No longer broken
Baby Riley was born with a hole in her heart – look at her now!
“RILEY IS MY second child and, as with my first child, this pregnancy started off as completely normal. My four-month check-up was therefore just routine for me. When they did the scan at my local [Hanover] day hospital, they saw that there was something wrong with the baby’s heart and they sent me to Groote Schuur Hospital for an ultrasound.
The ultrasound showed that the baby had a hole in her heart that affected the normal blood flow to her heart. I was offered counselling and asked if I wanted to terminate the pregnancy as Riley’s condition could lead to several complications in the long run. I remember just going completely silent. How could this happen to me? I remember coming home from the ultrasound and I could not utter a word to my family. I just cried and cried.
I realise now that some people just can’t handle the thought of something being wrong with their baby. I remember crying a lot after receiving the news, but I was still the stronger one between myself and Riley’s father. When I finally told my family later that day, they were all shocked at the news but it was as if the news brought our family closer. We decided as a family that we would not terminate the pregnancy, that we will accept this baby whichever way she is.
At 34 weeks my water broke. The birth went well and Riley was only in hospital for a week before we could take her home. Riley is one of a kind! Even as a newborn she was very strong and she has always had a normal weight for a child of her age. Because there was never a problem with her weight and development, the doctors said that we should wait until she was two years old before having the operation.
Different children have different problems as a result of a hole in their heart. For Riley it manifested in a genetic defect whereby she has extra digits on
her hands and one foot: she has an extra little finger on each hand and an extra toe on one foot. Her legs and arms are also a little short for a child of her age. This is something that the doctors already picked up when she was in the womb as they measured her arms and legs and compared it to a normally developing fetus. Her teeth also did not come out in the normal order: she cut her molars first, for example.
Riley has struggled with bronchitis and asthma from a young age. It always seemed as if she immediately picked up any bug that was going around and it would go straight to her chest. Any change in the weather patterns, even strong winds, would affect her health.
From the moment she came home as a newborn baby, it was very important to keep the house germ-free. We are not allowed to have any animals or carpets in the house and no-one is allowed to smoke in our house. People quickly learned that they had to wash their hands before touching and handling Riley.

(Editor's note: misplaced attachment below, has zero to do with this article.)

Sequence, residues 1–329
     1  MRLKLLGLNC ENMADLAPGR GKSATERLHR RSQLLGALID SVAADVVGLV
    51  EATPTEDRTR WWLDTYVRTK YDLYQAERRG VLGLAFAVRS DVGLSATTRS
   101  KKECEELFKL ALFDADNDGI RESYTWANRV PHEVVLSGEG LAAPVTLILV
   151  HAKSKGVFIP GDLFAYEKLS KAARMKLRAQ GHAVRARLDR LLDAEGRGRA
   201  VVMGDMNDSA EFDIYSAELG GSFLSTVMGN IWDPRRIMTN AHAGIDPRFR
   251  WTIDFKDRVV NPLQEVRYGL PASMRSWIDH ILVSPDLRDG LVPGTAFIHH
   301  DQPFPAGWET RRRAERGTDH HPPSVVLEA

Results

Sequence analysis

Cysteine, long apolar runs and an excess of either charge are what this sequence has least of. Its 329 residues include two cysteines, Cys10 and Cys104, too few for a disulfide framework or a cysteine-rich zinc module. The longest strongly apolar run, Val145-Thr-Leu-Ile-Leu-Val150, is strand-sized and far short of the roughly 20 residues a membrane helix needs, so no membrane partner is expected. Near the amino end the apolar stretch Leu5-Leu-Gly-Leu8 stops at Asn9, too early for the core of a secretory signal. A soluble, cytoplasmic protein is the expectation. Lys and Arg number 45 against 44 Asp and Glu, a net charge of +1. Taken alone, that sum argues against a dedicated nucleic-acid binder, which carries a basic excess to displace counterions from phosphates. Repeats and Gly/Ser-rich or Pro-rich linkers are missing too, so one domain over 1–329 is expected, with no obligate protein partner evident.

Having a baby, especially a sick one, has been hard for Riley’s older brother Nahum. I was often away in hospital with Riley and his granny or my sister would look after him. He is in Grade 1 now and can be rebellious and naughty. He loves his sister though and is very caring towards her.”
AND THEN THE OPERATION
“In the back of our minds, we always knew that Riley would have her big operation to close the hole in her heart when she was two, but it still happened quite suddenly. We received a call on the Friday to say that we should come in to Red Cross Children’s Hospital on the Monday morning and they did the operation the next day. The operation took four to five hours. Those hours, waiting to hear that everything went well, was terrible. It was such a relief when the doctors finally came out of the operating theatre and said that everything was fine.
After the operation, Riley had to stay in the hospital for a week and a half. She got well very quickly and was off the machines on the third day. The scar on her chest where they cut her open also healed very quickly. We were scared because children often get infections and then they have to open them up again. After she was discharged from hospital, we had to be extra careful to keep everything germ-free as it normally takes up to six weeks for the bone to heal where the chest was opened.
We were home for a few days before Riley became sick. I noticed that she was breathing too fast and coughing and we took her back to hospital. She was very, very sick and had to go back to the high care unit. She had a very high temperature and had to receive oxygen. The first round of antibiotics did not work and she had to start a second course. This time around she responded to the medicine and became better.
Riley went for the big two-month check-up and scan in mid-april and everything has healed properly. The doctors are confident that everything will be fine and she will have a long and happy life. She will still go for regular check-ups at the clinic, but she will be off all medication. She is a strong little girl and there is nothing wrong with her mind. She speaks very well for her age and is always busy.
This whole episode has brought our family closer together. I made the decision early on that I would give up my job to look after her full time. The loss of income has been hard but I definitely think it helps if you can be with your child through every step of their illness. I have had so much support, not just from my family and friends, but also from the hospital. The doctors at Red Cross have been incredible.
Having to deal with an illness like Riley’s is a life-changing experience. I would never have chosen to have a sick child, but I have learned so much throughout this process. I believe that there is always something positive that you can take from an experience like this. For Riley, hopefully, the scar on her chest will eventually be the only reminder of her childhood illness.” YB
IT ALWAYS SEEMED AS IF SHE IMMEDIATELY PICKED UP ANY BUG THAT WAS GOING AROUND AND IT WOULD GO STRAIGHT TO HER CHEST